Policymakers Must Back Energy Transition Despite Turmoil – LSE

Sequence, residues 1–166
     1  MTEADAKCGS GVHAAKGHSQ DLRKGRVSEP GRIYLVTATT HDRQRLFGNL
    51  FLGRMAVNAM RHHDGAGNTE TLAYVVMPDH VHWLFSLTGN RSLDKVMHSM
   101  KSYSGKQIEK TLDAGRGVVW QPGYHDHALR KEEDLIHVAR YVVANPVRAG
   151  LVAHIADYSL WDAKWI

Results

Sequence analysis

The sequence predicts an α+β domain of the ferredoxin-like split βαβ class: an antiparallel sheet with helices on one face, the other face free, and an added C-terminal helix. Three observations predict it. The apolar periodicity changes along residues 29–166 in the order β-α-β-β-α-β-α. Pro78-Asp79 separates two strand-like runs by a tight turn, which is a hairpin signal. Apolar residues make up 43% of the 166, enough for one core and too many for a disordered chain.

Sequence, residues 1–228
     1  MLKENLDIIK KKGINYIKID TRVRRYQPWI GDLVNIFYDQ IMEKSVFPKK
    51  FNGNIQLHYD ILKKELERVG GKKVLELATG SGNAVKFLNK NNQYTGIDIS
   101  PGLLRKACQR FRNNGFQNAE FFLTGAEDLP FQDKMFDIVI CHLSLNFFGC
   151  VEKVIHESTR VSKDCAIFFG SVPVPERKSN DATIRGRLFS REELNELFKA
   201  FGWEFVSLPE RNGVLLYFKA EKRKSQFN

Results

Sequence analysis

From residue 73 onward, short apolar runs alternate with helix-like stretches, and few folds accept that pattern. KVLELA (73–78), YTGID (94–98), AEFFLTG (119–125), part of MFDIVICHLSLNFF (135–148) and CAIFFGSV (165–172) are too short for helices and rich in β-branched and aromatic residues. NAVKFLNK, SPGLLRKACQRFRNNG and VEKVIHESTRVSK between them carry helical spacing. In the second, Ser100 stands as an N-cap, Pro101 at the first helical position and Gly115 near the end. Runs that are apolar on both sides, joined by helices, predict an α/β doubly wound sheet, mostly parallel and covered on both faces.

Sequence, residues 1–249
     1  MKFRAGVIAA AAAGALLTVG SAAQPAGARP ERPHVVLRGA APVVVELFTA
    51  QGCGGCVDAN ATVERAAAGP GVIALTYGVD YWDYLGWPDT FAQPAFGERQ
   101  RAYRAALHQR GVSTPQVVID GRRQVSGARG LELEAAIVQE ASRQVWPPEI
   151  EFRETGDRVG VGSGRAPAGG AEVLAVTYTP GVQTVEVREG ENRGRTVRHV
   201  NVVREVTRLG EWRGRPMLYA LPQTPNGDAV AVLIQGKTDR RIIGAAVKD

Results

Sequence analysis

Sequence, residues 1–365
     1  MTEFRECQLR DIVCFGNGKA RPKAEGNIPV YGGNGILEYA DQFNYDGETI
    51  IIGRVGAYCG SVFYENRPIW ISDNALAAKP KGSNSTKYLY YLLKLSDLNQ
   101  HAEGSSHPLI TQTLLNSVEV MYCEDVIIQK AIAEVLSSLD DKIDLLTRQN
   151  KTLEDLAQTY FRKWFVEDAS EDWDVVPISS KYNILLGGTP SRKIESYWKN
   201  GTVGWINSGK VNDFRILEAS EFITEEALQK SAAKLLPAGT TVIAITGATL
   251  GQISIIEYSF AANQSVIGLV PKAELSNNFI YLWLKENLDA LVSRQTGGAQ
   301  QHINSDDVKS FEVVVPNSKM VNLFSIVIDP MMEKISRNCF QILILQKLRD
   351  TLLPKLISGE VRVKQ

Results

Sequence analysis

The London School of Economics (LSE) has published a new paper outlining a “stable and prudent course” for macroeconomic policy during a period of high energy, cost-of-living and geopolitical tensions. One of the key policy recommendations by the school’s Grantham Research Institute on Climate Change and the Environment is to continue expanding investment in renewables, electrification and resource efficiency to address issues slow energy productivity growth. “Greater reliance on cheap and secure domestic sources of energy are key to reducing vulnerability to global supply bottlenecks,” the report said. “The evidence suggests renewable and energy-efficiency investments are likely to yield significant gains to productivity, resilience and capacity in the medium to long term and have the potential to act as powerful disinflationary forces.” It also noted that continued public and private investment in energy-efficient low-carbon sectors “should more than pay for itself” and help to lower public debt relative to GDP. Without intervention, some low-carbon sectors and technologies for sectors that need decarbonisation will be especially vulnerable to higher interest rates that may result from policy action, the paper warned. LSE said: “Conditions are such that 2022 may be a pivotal year for clean investment/finance. The evidence on structural transition shows clearly how policy action now will determine how the world evolves. The task for decision-makers in the current macroeconomic environment of rapidly mounting uncertainty and structural change is to maximise opportunities and minimise risk.”

 

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